"In a homosexual reading of Acis and Galatea," she writes, "Polyphemus [a cyclops] could represent the 'monstrous' law condemning men convicted of same-sex acts to death.... Alternatively, he could represent a male homosexual in a position of power who, with 'monstrous' hypocrisy, carries out these executions.... More provocatively, Polyphemus might represent a woman disguised as a man, as in the travesty tradition, and more specifically, a dangerous woman depicted by a low male voice."
Ideally, one would like to see evidence for these interpretations - or else an admission that it is all an imaginative game. But Harris has such faith in her own readings that she uses the cantatas themselves as evidence that one or another member of Handel's circle was gay.
One such quarry is Cardinal Benedetto Pamphili, who penned a cantata text that flatteringly compared Handel to Orpheus. "I am compelled to sing / In praise of your music these words:"
Orpheus with his sweet sounds
So you, greater than Orpheus,
In Harris's reading, nothing is as it seems. Birds, trees, rocks, and beasts are all "familiar metaphors for the male sexual organs." To "sing" is to have sex. "Pamphili's own situation," Harris contends, "is rather graphically described with his image of the plectrum [pick], which had previously hung unused and motionless on a dry tree." Decoded, then, the cantata reads something like: Thanks for the good time.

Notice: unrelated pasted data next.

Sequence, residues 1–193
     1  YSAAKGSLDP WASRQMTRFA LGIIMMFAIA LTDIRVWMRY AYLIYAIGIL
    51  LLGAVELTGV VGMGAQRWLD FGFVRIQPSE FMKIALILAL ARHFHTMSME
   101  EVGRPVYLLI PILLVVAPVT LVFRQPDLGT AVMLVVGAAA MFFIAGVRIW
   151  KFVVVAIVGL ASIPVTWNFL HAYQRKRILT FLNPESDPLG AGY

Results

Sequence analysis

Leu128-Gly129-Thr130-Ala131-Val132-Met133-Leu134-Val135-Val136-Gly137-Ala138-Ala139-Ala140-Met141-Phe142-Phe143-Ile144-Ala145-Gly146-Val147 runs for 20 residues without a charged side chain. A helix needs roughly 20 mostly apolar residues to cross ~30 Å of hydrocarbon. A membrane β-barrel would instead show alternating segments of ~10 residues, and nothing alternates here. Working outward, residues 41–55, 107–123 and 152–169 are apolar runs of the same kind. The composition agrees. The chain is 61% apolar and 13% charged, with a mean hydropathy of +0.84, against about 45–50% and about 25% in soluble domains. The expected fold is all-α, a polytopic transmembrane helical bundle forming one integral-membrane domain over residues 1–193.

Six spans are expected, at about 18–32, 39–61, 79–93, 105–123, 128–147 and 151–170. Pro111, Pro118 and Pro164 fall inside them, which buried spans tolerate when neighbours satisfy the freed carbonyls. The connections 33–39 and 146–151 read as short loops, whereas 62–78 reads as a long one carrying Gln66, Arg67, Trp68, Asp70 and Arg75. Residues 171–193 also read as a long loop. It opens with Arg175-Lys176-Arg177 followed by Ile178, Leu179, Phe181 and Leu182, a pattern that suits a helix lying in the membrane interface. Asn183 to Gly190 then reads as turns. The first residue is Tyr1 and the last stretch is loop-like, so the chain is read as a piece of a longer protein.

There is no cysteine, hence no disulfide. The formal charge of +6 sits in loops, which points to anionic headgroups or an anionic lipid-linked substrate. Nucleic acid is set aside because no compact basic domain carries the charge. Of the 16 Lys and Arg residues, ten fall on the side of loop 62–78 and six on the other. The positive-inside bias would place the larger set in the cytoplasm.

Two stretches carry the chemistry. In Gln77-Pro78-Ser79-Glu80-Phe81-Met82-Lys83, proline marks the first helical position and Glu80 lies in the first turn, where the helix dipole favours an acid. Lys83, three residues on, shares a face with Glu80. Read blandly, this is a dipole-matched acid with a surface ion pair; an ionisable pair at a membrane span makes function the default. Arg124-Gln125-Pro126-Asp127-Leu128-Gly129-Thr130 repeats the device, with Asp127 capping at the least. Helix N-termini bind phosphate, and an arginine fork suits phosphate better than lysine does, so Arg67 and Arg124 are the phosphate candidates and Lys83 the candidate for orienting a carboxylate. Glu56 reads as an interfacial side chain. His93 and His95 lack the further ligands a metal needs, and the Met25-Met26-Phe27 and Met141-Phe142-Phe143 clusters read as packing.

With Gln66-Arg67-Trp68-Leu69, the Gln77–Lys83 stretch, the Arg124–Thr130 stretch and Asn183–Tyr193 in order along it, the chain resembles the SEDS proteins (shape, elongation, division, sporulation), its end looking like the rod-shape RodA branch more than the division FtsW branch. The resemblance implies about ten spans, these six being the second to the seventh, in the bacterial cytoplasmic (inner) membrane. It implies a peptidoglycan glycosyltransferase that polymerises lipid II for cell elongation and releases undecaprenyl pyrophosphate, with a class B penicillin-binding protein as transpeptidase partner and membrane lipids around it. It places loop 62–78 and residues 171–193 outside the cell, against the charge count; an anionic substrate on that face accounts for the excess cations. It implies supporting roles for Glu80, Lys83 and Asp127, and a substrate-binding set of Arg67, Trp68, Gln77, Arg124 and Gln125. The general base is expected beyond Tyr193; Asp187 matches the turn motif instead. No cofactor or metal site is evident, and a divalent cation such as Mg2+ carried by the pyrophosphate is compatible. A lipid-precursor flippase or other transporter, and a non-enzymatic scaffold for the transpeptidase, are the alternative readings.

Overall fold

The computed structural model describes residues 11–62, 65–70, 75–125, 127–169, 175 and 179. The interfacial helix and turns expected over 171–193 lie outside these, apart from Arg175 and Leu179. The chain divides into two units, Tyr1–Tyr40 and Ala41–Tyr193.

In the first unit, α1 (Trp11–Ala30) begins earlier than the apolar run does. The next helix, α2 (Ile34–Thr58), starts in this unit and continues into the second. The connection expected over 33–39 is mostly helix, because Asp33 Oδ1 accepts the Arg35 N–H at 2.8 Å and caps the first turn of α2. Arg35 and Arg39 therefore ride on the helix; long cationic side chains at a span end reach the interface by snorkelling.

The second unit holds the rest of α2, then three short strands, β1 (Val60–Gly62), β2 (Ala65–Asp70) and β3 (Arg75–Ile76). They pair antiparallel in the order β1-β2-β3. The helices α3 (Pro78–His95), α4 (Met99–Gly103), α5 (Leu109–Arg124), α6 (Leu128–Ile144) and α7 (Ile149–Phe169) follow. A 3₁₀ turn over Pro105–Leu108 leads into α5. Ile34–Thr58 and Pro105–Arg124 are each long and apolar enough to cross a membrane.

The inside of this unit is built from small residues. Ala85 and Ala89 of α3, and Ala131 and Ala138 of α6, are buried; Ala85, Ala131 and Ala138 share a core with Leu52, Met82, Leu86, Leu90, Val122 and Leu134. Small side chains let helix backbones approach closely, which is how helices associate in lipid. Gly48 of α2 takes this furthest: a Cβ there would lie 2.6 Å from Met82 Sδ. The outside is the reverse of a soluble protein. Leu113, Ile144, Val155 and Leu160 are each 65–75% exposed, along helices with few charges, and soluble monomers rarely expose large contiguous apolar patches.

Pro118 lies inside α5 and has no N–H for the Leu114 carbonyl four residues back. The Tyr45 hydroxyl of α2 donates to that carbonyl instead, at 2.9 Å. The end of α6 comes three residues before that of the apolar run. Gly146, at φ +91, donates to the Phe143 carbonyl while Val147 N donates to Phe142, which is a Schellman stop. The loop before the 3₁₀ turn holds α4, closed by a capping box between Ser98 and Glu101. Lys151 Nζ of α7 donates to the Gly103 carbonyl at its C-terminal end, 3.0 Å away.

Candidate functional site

Anyone who has trouble buying Harris's interpretation will be unable to accept it as the sole proof that Pamphili - apparently the only Roman patron
not openly boffing a castrato - was boffing Handel. Yet this is what Harris asks readers to believe: "The most revealing evidence of an erotic attraction in Pamphili's life may be the texts he wrote for Handel, especially the Orpheus cantata."
If that standard of evidence were sufficient to characterize an entire community and its relationship to its art, then all would be settled: Handel and his associates were gay, and the cantatas were elaborate love notes. But as Harris must know - claims to know, in fact - interpretations are never certain. It takes more than a literary gloss to judge what was in people's hearts, and more than conjecture to out the dead.
David Brittan is a pianist who writes about music and the arts. He lives in Newburyport, Massachusetts.